Thanks to their aggressive approach toward retiring uniform numbers, the New York Yankees find themselves in running out of numerals to put on uniforms. As Brendan Kuty of The Athletic reports, the Yankees are addressing this shortfall of available digits by asking Major League Baseball for permission to no longer issue uniform numbers to manager Aaron Boone and to uniformed members of their (very large) coaching staff.
As Kuty notes, the Yankees have retired a total of 22 numbers, spanning in time from Lou Gehrig's No. 4 in 1939 to Derek Jeter's No. 2 in 2017. No single-digit numbers are available, and the No. 8 has been retired for both Yogi Berra and Bill Dickey. The Yankees' total of 22 retired numbers pretty well dwarf's the Cardinals' second-place tally of 14 retired numbers. Kuty also writes:
"Then there are the numbers the Yankees have tucked away on purpose. Two of them are in reverence for recently departed franchise stars — a practice common throughout the league. They include No. 19 for Masahiro Tanaka and No. 52 for CC Sabathia."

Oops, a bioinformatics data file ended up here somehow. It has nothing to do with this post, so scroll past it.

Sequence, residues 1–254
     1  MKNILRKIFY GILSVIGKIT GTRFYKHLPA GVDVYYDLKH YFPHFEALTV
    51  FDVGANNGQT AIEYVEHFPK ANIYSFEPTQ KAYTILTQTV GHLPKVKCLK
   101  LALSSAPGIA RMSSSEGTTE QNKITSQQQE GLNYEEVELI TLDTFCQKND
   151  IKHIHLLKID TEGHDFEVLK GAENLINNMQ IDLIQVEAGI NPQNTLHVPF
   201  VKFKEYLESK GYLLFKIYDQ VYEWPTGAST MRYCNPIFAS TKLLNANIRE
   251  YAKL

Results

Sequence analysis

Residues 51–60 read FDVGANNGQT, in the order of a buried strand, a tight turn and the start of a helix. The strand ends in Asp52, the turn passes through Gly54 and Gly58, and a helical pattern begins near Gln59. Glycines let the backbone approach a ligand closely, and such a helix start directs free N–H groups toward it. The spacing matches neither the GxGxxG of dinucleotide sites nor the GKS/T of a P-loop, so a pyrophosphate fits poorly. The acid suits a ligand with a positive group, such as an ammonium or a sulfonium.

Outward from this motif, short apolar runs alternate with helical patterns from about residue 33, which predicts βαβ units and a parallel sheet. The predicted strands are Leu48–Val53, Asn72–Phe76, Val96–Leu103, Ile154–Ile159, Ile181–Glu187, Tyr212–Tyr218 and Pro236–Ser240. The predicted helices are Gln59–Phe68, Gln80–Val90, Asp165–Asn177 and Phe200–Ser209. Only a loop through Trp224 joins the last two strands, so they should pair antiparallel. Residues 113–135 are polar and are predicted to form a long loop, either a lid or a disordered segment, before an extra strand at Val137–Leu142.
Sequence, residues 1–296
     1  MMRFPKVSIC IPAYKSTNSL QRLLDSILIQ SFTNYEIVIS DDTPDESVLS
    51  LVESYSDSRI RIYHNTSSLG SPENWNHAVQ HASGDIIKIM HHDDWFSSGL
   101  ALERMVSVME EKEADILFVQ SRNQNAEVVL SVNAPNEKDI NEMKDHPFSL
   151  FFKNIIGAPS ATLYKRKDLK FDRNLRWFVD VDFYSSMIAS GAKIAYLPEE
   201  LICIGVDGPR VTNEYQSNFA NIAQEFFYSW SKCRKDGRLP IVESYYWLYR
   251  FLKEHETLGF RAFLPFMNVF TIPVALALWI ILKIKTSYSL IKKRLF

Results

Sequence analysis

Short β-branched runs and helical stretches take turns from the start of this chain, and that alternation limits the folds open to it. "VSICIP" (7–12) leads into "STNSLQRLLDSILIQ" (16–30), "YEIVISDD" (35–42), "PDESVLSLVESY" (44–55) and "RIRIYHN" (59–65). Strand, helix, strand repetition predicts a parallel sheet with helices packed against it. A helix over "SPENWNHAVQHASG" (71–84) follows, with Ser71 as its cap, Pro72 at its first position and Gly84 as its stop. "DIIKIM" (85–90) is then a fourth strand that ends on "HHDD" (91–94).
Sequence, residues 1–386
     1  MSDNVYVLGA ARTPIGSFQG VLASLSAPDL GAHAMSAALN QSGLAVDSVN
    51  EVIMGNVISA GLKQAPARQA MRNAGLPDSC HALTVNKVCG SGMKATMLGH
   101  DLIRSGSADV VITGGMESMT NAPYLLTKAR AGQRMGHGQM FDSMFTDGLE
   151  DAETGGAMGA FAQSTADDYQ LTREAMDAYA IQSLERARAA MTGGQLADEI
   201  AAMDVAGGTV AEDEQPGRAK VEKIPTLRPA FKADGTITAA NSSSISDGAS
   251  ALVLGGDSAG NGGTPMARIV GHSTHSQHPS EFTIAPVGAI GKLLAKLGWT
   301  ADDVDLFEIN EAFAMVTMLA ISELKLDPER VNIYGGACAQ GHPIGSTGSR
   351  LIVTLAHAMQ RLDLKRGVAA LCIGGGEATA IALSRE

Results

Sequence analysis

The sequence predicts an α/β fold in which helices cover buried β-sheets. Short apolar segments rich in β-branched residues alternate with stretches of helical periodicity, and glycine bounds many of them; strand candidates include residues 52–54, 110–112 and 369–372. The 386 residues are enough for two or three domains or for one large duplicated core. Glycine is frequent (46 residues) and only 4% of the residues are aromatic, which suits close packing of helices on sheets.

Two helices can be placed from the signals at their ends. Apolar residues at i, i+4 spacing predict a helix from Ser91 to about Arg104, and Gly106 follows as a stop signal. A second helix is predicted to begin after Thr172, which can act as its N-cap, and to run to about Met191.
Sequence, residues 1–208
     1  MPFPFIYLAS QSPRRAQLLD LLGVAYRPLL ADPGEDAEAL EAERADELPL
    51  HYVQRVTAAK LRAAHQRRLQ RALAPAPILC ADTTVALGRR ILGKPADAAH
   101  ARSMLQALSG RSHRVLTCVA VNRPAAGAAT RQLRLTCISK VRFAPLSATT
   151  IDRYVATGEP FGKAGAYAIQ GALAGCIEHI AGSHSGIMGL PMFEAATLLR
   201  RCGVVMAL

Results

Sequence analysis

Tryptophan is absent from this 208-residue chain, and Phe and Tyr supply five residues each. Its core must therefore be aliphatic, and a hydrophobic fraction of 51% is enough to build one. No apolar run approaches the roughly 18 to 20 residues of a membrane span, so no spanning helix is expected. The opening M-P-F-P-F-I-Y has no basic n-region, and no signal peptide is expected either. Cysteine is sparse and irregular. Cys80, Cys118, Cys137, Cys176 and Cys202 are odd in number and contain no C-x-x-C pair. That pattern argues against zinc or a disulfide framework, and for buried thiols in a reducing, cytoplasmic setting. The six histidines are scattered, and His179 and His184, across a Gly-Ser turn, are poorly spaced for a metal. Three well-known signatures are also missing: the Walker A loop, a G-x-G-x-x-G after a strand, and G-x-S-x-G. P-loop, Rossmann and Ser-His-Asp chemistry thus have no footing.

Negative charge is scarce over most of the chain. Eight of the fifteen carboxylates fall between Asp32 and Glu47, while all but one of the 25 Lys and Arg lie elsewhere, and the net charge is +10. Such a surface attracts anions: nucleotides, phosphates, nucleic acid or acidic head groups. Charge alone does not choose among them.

A third number, 69, is also out of circulation for reasons the reader should be able to discern.
A number of managers and coaches across the league either conceal the uniform top under a hoodie or jacket or don't wear the jersey at all, so it's not any kind of unprecedented leap to allow them to go numberless. Doing so would ease the demand for those dwindling numbers, particularly in the Bronx where the supply is shorter than anywhere else. One could argue that teams like the Yankees should be a bit more selective in retiring their uniform numerals, but that particular ship -- and its retired hull number -- has already sailed.